Fuchs endothelial corneal dystrophy (FECD) is characterized by progressive loss of corneal endothelial cells, thickening of Descement's membrane and deposition of extracellular matrix in the form of guttae. When the number of endothelial cells becomes critically low, the cornea swells and causes loss of vision. The clinical course of FECD usually spans 10-20 years. Corneal transplantation is currently the only modality used to restore vision. Over the last several decades genetic studies have detected several genes, as well as areas of chromosomal loci associated with the disease. Proteomic studies have given rise to several hypotheses regarding the pathogenesis of FECD. This review expands upon the recent findings from proteomic and genetic studies and builds upon recent advances in understanding the causes of this common corneal disorder.
PURPOSE: To report an unusual presentation of posterior polymorphous corneal dystrophy (PPCD) associated with band keratopathy, iridocorneal adhesions, heterochromia, keratoconus, and confocal microscopic findings suggestive of iridocorneal endothelial syndrome.
METHODS: Confocal microscopy, corneal topography, electroretinography, and genetic analysis were performed in the proband and his siblings.
RESULTS: A 23-year-old man presented with decreased vision in both eyes over 9 months. Examination revealed bilateral alterations in corneal endothelial mosaic with corneal edema and beaten metal appearance in the right eye and cystoid endothelial opacities in the left eye. Marked heterochromia, band keratopathy, and broad peripheral anterior synechiae were present in both eyes. Topographic features of keratoconus were noted. Electroretinography did not detect abnormal retinal function, as has been described with PPCD associated with VSX1 mutations. Diagnosis of PPCD was postulated on the basis of the examination of 3 of proband's brothers by confocal microscopy. Genetic analysis of 3 known PPCD genes, VSX1, COL8A2, and TCF8, did not detect any mutations.
CONCLUSIONS: In severe cases, PPCD can resemble iridocorneal endothelial syndromes in both clinical appearance and imaging studies (confocal microscopy). There was a strong genetic phenotypic penetrance in the family, which was essential in the diagnostic decision making. A yet undetermined genotype is contributing to this unusual PPCD phenotype.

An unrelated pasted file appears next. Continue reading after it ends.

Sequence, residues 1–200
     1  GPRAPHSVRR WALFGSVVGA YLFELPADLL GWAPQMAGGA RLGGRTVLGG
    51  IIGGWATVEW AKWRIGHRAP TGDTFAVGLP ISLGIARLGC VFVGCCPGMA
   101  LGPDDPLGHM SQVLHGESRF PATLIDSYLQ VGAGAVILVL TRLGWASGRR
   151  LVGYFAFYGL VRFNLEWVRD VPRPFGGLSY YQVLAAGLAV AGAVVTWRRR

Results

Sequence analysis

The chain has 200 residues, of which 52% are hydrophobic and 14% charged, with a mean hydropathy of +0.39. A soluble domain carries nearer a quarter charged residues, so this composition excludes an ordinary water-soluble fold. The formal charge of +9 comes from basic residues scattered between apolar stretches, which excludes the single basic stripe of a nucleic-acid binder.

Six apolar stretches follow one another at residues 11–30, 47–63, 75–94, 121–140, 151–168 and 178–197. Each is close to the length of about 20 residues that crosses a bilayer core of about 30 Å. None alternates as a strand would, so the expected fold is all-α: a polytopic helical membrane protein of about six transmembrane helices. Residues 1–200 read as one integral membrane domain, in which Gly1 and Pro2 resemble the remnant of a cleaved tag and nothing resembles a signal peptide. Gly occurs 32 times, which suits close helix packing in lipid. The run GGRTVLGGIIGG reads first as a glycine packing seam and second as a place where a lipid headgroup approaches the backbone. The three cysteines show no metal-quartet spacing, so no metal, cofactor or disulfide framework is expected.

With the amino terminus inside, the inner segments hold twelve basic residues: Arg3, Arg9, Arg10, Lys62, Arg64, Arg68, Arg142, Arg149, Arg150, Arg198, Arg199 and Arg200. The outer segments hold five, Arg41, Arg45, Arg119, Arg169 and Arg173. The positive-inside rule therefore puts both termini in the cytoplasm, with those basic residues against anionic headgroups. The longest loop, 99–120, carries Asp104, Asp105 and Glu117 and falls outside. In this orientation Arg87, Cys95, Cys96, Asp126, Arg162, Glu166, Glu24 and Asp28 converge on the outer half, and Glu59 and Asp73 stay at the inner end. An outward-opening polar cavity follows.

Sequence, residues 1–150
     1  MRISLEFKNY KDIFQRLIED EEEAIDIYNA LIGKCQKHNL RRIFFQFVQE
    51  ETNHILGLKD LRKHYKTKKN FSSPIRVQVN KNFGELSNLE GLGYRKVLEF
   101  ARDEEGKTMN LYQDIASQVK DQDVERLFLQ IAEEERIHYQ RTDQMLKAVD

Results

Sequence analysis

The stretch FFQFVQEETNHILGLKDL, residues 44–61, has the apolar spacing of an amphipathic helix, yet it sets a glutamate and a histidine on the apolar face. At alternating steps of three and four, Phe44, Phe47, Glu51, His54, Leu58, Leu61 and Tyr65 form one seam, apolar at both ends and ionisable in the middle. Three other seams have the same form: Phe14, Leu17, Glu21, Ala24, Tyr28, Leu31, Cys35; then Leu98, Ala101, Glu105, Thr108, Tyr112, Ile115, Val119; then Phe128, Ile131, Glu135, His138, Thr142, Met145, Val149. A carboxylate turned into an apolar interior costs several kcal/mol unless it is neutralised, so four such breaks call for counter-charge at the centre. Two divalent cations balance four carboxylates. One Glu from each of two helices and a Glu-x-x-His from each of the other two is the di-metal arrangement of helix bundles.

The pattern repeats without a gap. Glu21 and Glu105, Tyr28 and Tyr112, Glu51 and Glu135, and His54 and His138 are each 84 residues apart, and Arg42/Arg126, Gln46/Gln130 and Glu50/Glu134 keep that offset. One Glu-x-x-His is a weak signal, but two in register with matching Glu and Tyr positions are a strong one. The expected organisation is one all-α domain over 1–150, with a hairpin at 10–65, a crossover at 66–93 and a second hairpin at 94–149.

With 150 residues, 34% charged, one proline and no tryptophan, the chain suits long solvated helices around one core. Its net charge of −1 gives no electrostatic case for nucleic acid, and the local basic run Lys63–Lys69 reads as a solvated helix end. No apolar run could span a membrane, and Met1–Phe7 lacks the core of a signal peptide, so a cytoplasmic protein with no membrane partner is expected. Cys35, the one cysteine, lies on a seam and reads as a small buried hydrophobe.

PURPOSE: To investigate the differential expression of TGFBIp in normal human and Fuchs endothelial corneal dystrophy (FECD) endothelial cell-Descemet's membrane (HCEC-DM) complex, and to asses the structural role of TGFBIp and clusterin (CLU) in guttae formation.
METHODS: HCEC-DM complex was dissected from stroma in normal and FECD samples. Proteins were separated by 2-D gel electrophoresis and subjected to proteomic analysis. N-terminal processing of TGFBIp was detected by Western blot analysis with two separate antibodies against the N- and C-terminal regions of TGFBIp. Expression of TGFBI mRNA was compared by using real-time PCR. Subcellular localization of TGFBIp and CLU in corneal guttae was assessed by fluorescence confocal microscopy.
RESULTS: A major 68-kDa fragment and a minor 39-kDa fragment of TGFBIp were identified on 2-D gels. Western blot analysis revealed an age-dependent proteolytic processing of the TGFBIp N terminus resulting in the increased formation of 57-kDa (P = 0.04) and 39-kDa (P = 0.03) fragments in older donors. FECD HCEC-DM showed a significant increase in the 68-kDa (P = 0.04), 57-kDa (P = 0.01), and 39- kDa (P = 0.03) fragments of TGFBIp. Real-time PCR analysis revealed that TGFBI mRNA was significantly increased (P = 0.04) in FECD samples. TGFBIp formed aggregates at the lower portions of guttae, next to Descemet's membrane, whereas CLU localized mostly on top of the TGFBIp-stained areas at the level of the endothelial cell nuclear plane.